Why Your New Year’s Resolutions Should Begin in December

Changing bad habits requires preparation and trial and error.

Posted Dec 18, 2017

“May all your troubles last as long as your New Year’s resolutions” —Joey Adams

Here’s my prediction. In early January, just like every year, virtually every media outlet will carry an article with this storyline:

  1. Statistics that X percent of Americans make one or more New Year’s resolutions in January, where X = some number greater than 50.
  2. Statistics that Y percent of these resolutions fail within a few months where Y = some number close to 100.
  3. Advice about how to beat the odds, and successfully keep your New Year’s resolutions.

Examples of such articles are here, here, and here.

Smoking by Stas Svechnikov Unsplash Licensed Under CC BY 2.0
Source: Smoking by Stas Svechnikov Unsplash Licensed Under CC BY 2.0

In this blog post, I want to preempt these articles and make a different suggestion. I want to strongly recommend not waiting until January. Instead, make your New Year’s resolutions now and start acting on them right away, while we are still in December.

This proposal is based on sound psychology research. Here’s my logic for why December is the best time to begin New Year’s resolutions.

Although we don’t think of it that way, research has found that most New Year’s resolutions are either about forming new virtuous habits or changing bad ones. On January 1, very few people say to themselves “My New Year’s resolution is to watch the Kentucky Derby on May 5, 2018, at 4 pm.” Instead, the most popular resolutions each year are things like “I want to quit smoking,” “I want to lose weight,” “I want to save more of my paycheck.” Our resolutions are rarely about one-time events. They are about habits.

Now habits are a lot harder to form or change than one-time behaviors are to enact. It's a lot easier to watch the Kentucky Derby in May than it is to quit smoking, to lose weight, or save more money. As psychologists Bas Verplanken and Wendy Wood point out:

“This resistance [to change] arises because habit formation is associated with the development of expectations about behavior and the performance environment. Repetition-based expectations reduce sensitivity to minor variations in the performance setting, curtail information search (especially search for information that challenges practiced ways of responding), and reduce thought and deliberation about the action.”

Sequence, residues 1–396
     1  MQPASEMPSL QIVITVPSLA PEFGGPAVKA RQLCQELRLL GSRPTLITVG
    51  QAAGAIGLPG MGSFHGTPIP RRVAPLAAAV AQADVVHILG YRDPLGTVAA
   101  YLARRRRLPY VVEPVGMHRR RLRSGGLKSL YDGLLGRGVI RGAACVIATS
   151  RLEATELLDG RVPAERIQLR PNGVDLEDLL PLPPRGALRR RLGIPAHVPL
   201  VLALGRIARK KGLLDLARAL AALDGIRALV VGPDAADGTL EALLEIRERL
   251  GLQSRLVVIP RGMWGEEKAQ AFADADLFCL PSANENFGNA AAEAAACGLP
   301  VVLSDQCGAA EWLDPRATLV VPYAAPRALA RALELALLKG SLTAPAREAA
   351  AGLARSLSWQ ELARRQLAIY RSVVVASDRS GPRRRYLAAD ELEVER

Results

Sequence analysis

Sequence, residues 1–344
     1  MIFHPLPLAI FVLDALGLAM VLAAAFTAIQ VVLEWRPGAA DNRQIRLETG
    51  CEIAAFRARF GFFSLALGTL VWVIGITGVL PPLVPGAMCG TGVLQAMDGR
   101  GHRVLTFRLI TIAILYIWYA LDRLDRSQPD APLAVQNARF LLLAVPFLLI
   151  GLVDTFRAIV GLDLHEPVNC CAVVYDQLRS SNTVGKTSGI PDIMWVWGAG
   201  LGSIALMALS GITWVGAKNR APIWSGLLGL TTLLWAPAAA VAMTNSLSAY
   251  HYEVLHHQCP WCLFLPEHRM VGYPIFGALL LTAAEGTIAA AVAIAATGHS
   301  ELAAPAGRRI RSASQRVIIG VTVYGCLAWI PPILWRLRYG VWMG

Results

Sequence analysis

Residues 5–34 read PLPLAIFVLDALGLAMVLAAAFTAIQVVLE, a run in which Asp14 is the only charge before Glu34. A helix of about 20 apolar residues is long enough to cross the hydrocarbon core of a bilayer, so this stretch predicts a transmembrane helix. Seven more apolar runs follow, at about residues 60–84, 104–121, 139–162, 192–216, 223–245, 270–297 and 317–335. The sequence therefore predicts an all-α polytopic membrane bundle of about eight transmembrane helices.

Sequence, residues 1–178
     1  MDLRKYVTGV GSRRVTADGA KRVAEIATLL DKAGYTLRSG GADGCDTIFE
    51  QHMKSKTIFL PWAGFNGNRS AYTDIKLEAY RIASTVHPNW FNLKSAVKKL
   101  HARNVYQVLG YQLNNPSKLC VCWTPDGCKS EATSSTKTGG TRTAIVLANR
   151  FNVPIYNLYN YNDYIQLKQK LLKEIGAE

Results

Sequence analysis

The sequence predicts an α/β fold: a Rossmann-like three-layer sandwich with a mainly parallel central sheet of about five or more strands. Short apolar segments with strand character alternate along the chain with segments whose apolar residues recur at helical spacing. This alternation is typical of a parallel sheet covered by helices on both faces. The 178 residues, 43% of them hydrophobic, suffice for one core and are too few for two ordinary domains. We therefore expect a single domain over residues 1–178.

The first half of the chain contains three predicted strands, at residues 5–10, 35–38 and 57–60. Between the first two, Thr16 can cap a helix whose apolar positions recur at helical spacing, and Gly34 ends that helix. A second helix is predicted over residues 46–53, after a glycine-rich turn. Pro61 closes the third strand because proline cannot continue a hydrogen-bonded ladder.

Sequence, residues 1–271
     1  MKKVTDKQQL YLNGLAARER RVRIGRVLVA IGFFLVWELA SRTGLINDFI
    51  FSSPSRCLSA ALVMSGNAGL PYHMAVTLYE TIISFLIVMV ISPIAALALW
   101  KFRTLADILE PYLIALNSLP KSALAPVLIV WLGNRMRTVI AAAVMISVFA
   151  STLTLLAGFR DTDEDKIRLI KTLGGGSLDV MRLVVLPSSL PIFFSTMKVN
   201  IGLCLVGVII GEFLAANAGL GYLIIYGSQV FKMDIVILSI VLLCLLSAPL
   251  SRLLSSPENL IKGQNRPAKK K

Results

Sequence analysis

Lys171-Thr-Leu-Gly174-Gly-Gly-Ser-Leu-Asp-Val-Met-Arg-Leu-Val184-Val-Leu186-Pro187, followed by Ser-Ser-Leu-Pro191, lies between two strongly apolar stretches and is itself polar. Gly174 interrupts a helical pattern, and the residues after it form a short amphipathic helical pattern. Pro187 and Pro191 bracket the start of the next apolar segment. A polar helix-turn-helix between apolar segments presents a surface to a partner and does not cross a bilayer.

Even worse, most of us have unrealistic expectations about how difficult it will be to make these behavioral changes. We are over-optimistic and expect to succeed. When we fail, it’s a huge disappointment, leading to what psychologists have called “the misery of defeat.”

What’s the best way to change a bad habit? Again researchers have a good answer: by disrupting the context in which the habitual behavior occurs. For example, if your New Year’s resolution is to lose weight, and one of your routine behaviors is to eat dessert after dinner while checking your Facebook or Instagram, a good way to get out of the dessert-eating habit is to stop checking social media after dinner. This disrupts the context in which you eat dessert, and it forces you to behave more intentionally.

Laying the groundwork for habit change takes time. And this is where I think starting on a New Year’s resolution in December is powerful. It often takes a few attempts and some trial and error to figure out how to successfully disrupt the context in which the unwanted habitual behavior occurs. For the post-dinner dessert, for instance, you may need to figure out what to do instead of checking your social media after dinner. You may fail a few times, and open Facebook anyway leading you to grab that chocolate cookie mindlessly.

For a new habit, the challenge is different. It involves repeating the new behavior in the same context time after time. If I want to start running regularly every morning, I have to program myself to get up at 4 am, get ready, and complete my run for at least a couple of weeks before my "morning run" becomes routine.

Healthy Food by Katie Smith Unsplash Licensed Under CC BY 2.0
Source: Healthy Food by Katie Smith Unsplash Licensed Under CC BY 2.0

December is the perfect time to iron out these issues, and behave intentionally to curb your post-dinner dessert cravings or run every morning. Remember failing in December doesn’t count, so it won’t bring on the misery of defeat! This way, when January rolls around, you will already be on the path to successfully carrying out your New Year’s resolutions.

In closing, I should mention that I am already following my own advice at the moment. One of my resolutions for next year is to run more regularly, completing a thousand miles by year’s end (or approximately 84 miles per month). After a lackluster year in which I ran fewer miles than any time in the past decade, I have already fallen into a good running routine this December to prepare for my 2018 resolution.

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